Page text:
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Old Whistler band, new Whistler band

Slush reunites for release of eighth album, Black Collar Crowd plays fourth show

Who: Slush with Carpenter and Black Collar Crowd

What: The Punk Night

Where: Boot Pub

When: Sunday, July 31

Whistler’s most resilient DIY band is back this Sunday night with yet another pile of CDs to give away.

Punk band Slush dates back to 1992 when drummer Jamie Weatherbie and singer/songwriter and guitar player Adam Leggett started playing music together in the Northern Ontario town of New Liskeard.

Originally called the False Wooden Legs, the band recorded four independent albums between 1993 and 1997 : 15 Feet, Karl The Pornstar, Faces (deemed "the worst album we recorded" on the band’s website www.slushpunk.com) and Run Mr. Postman Run , which was never released.

In 1997, Slush was forced to take a break when most of the members moved to different parts of B.C. to snowboard. The following summer, when the prodigal band members returned, the band recorded their fifth album, Life’s Pretty Easy When You’re Fat & Greasy . But the reunion was short-lived, with the majority of the band members heading back west again when the snow started falling.

Over the next few years the Slush boys hooked up in Vancouver long enough to record a sixth album, Call The Neighbors The Boys Got Jobs , before splintering once again when two band members decided to spend some time learning to surf in Australia.

But a globe’s worth of ocean couldn’t melt Slush’s enthusiasm and in 2001 the band reunited in Whistler. Founders Weatherbie and Leggett weathered another series of lineup shuffles, which eventually resulted in the additions of Matt Elliot on guitar and vocals and Gavin McDermott on bass. The foursome recorded a seventh album, Global Incineration , in 2002 and celebrated their decade anniversary in 2003 with a 26-song compilation of re-mastered songs from the first seven albums called Ten Years Wasted , which they gave away free to everyone who came to the release party show.

In the past two years with members in and out of the country, the band has still managed to pull album number eight, Buried Inside , out of their sporadic basement jam sessions.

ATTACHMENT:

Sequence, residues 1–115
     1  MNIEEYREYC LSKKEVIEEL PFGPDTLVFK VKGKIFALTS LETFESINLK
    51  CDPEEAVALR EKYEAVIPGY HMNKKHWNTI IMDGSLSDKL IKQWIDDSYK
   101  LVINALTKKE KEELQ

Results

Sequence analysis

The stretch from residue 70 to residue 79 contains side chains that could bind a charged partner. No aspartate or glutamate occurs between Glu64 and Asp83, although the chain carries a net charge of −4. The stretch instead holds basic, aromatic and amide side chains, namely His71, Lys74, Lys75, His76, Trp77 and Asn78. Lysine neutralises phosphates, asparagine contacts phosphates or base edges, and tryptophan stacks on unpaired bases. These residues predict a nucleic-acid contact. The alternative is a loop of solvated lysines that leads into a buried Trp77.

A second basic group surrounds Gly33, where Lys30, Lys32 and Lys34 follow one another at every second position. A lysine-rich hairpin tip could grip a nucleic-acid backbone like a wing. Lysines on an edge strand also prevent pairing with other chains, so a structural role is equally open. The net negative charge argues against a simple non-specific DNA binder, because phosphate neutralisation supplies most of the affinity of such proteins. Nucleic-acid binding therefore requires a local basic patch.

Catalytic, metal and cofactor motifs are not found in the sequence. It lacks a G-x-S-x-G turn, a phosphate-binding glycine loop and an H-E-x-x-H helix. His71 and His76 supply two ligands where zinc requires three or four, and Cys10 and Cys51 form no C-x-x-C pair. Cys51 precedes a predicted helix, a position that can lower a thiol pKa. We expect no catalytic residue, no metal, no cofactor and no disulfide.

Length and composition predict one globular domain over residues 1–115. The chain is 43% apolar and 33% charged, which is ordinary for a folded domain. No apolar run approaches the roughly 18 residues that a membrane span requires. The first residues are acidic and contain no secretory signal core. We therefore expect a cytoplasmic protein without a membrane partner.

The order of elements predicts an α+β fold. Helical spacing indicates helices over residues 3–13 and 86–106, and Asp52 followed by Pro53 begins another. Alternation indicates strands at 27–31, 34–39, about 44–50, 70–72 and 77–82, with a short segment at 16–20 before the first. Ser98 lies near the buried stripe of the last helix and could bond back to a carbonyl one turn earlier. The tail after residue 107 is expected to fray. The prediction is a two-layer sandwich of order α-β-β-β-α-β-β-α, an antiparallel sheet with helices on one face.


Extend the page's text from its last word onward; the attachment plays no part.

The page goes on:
The album will be released at the band’s show at the Boot Pub this Sunday night, where they will perform as a three-piece, sans guitar player Elliot.

The new album shows a new side of Slush, Weatherbie said.

"Our first two-three albums we were just learning how to play. The last two before this we got into a more fast, technical style. This one is half melodic, slower punk and the rest is really fast.

"Adam did a lot of experimenting," he added.

True to form they will be giving away 100 copies of Buried Inside to Punk Night show-goers. Slush has never been about the money – a big part of how a band can stay together for 13 years without getting signed.

They freely offer their wares for download or streaming on the Internet. Every song they’ve ever recorded, a total of 75, is available on their website with the amicable disclaimer "all we ask for the free downloads is leave us a message in the comment section and let us know what you think."

"It’s more about people hearing us than selling it and making money," Weatherbie explained. "We don’t have much time to play or to tour so the Internet is our best friend."

The Internet has made them fans all over the world, with Weatherbie citing recent downloads from Portugal, Brazil and Poland.

But there’s something stronger than the Internet and more binding than a big name recording contract holding this band together.

"Me and Adam will keep jamming as long as we can," Weatherbie said. "For the next 10-15 years at least because he thinks he’s going to die young.

"As long as we’re in the same town we’ll keep playing and jamming together."

Black Collar Crowd goes for four

With their 13-year history and eight-album count perennial punkers Slush add something old to this Sunday’s Punk Night lineup. On the other end of the spectrum, playing their fourth show together, Whistler band Black Collar Crowd adds something new.

Formed in December 2004, the three-piece band consists of Luke Pollard on guitar and vocals, Mike Gallo on bass and Jef Waz on drums, playing all original music written by Pollard.

The band introduced their brand of raw, melodic punk to the Whistler scene at a spring fundraiser for the Creekside underground skatepark.

"I was really stoked to play that show because it’s a community-based thing," Pollard said. "I was just down the other day at that new skatepark. To think that we played a show that helped raise money to build that, it gives you a sense of pride, involvement in the community. I like playing stuff like that rather than just playing for the money."

With opportunities like the skatepark fundraiser and regular events like The Punk Night, Pollard said Whistler has been a great place for a band just starting out.

"The crowd response has been pretty good. Everyone seems pretty stoked on our sound," he said.

"For such a small town it’s got a pretty healthy music scene."

Also playing this Sunday at the Boot Pub is Carpenter, a band featuring members of Vancouver’s All State Champion.

For information on shows at the Boot call 604-932-3338.




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